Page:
In most U.S. states, becoming a full-time teacher requires having a bachelor’s degree or higher. Degrees in education are customarily preferable for prospective teachers.
However, education standards for school teachers have tremendously dropped in a U.S. school district located in the state of Georgia. According to WSAV-TV Channel 4, an affiliate of NBC News in Savannah, GA, The Savannah-Chatham school district is allowing college graduates without degrees in education to teach in its schools.
This is due to the fact that there has been a significant decrease in college graduates that want to become teachers. The low starting pay for teachers is usually the reason for this. Degrees in technology-related fields are often more inviting because of the higher amount of pay people can earn starting out in these fields.
Because of this reality, the Savannah-Chatham public school district has unveiled its Alternative Pathways to Teaching initiative. This program allows bachelor’s degree holders that didn’t get their degrees in education to participate in a “work-as-you-go” process for certification that takes three years to finish.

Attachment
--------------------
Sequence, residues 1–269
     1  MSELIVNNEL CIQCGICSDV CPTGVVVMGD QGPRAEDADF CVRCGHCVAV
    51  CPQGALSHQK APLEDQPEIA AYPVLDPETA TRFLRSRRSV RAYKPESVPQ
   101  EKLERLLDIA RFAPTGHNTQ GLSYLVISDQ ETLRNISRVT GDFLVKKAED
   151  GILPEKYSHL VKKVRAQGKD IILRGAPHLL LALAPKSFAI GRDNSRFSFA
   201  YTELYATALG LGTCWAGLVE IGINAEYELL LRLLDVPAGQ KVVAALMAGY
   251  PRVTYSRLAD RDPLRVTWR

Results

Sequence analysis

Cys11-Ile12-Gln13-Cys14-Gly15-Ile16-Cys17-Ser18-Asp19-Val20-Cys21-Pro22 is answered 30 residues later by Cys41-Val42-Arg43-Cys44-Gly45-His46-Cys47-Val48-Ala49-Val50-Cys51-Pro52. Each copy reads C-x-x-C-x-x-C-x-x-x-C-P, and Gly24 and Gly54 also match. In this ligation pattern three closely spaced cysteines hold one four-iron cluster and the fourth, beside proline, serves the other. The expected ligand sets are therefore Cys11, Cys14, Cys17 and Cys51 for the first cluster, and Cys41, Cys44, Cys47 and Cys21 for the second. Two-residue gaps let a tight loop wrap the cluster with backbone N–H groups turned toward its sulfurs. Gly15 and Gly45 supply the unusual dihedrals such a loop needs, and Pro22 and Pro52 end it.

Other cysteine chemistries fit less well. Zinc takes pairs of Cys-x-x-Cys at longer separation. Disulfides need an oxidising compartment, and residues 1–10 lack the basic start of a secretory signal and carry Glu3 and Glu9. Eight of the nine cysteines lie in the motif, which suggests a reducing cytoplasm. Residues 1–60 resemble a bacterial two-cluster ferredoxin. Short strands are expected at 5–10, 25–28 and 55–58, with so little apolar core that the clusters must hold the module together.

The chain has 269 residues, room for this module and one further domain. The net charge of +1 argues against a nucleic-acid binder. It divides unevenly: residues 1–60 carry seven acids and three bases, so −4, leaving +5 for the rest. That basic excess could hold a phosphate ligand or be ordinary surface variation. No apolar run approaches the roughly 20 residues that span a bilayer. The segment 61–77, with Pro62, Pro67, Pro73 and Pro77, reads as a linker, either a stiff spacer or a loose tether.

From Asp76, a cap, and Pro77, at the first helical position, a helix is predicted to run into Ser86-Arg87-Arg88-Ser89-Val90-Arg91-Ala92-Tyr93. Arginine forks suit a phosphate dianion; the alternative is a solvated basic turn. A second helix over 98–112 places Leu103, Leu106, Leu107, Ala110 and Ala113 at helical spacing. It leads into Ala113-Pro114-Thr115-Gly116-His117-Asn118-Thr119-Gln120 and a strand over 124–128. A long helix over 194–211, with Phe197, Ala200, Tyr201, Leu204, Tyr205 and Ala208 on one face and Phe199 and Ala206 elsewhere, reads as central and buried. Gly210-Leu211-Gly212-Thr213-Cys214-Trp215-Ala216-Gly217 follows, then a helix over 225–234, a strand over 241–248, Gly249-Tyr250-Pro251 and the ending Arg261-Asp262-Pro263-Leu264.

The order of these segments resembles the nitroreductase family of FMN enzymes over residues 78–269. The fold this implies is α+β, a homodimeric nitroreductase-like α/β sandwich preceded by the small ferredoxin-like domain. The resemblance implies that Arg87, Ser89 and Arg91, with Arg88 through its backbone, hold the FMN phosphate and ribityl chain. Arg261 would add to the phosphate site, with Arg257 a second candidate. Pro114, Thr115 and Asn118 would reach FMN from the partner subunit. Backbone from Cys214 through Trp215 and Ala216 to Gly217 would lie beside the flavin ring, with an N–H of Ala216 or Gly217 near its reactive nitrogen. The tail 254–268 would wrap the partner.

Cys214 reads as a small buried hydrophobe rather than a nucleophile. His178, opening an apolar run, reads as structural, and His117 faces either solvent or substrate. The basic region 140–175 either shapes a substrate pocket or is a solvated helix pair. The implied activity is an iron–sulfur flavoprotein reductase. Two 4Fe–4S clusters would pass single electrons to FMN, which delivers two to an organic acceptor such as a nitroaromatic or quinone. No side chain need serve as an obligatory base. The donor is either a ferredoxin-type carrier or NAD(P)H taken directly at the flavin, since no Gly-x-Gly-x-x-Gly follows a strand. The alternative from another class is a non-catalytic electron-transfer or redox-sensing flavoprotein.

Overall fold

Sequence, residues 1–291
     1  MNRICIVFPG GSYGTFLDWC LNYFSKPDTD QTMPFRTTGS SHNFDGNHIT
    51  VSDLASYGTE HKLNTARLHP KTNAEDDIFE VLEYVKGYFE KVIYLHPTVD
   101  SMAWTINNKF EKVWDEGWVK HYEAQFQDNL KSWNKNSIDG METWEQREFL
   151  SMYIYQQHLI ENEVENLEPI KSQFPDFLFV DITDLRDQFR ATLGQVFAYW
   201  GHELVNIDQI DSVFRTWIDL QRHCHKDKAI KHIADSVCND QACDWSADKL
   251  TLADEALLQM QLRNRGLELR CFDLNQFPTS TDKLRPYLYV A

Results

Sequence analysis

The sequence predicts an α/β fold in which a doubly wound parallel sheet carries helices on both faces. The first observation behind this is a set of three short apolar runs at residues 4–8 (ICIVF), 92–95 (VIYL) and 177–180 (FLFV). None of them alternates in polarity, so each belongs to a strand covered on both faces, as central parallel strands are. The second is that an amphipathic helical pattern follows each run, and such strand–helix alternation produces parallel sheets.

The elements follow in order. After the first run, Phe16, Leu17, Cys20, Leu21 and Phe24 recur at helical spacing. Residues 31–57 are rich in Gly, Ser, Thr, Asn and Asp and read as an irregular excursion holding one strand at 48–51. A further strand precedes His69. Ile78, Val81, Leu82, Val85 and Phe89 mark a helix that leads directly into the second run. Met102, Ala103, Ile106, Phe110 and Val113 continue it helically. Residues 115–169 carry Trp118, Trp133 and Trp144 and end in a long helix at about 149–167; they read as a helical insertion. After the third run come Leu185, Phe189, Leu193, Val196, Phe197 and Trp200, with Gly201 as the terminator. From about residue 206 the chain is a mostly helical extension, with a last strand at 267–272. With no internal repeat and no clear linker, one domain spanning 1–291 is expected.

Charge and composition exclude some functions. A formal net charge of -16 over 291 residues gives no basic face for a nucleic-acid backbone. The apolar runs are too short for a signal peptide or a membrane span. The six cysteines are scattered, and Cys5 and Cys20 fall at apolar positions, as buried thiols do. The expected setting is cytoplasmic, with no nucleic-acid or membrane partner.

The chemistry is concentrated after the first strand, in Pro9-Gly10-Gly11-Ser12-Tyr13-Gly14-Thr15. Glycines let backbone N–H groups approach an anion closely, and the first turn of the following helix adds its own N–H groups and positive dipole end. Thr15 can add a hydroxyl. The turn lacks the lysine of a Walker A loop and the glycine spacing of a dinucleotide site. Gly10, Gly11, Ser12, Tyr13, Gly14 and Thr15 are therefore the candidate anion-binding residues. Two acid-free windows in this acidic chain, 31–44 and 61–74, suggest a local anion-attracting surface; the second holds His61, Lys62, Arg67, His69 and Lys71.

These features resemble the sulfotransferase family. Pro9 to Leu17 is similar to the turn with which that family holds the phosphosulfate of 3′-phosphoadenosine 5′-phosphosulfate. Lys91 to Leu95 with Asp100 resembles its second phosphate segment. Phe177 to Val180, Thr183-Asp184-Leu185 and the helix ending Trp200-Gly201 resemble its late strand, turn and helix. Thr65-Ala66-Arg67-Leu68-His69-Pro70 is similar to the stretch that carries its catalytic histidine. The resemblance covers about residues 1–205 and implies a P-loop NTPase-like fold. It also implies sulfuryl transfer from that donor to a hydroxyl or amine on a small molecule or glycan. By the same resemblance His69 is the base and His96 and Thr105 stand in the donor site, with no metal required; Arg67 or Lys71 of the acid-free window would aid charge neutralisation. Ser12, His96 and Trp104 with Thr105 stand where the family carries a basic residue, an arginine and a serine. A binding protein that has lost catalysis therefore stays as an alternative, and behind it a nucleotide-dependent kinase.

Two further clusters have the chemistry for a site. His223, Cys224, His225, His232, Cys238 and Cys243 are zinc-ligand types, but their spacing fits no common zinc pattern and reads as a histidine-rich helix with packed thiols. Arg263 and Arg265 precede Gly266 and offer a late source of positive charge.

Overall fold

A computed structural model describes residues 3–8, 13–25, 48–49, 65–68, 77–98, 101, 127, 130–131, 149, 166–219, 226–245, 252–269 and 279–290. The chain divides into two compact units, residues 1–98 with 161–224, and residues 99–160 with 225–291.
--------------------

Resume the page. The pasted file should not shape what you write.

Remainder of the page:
“We want to bring in those people who have a lot of field knowledge and a lot of skills,” Heather Bilton told WSAV-TV. Bilton is a human resource specialist for the Savannah-Chatham public school district. The district has some well-founded concerns about successfully undertaking Alternative Pathways to Teaching.
“We’re always concerned but that concern has hopefully motivated us to really work hard,” she continued.
The nation has seen some tough economic times since the 2007 recession and the catastrophic crash of the economy in 2008. The Savannah-Chatham public school district has responded to the realities of our new economy and hopes to fill 450 teaching positions this fall by using this new program.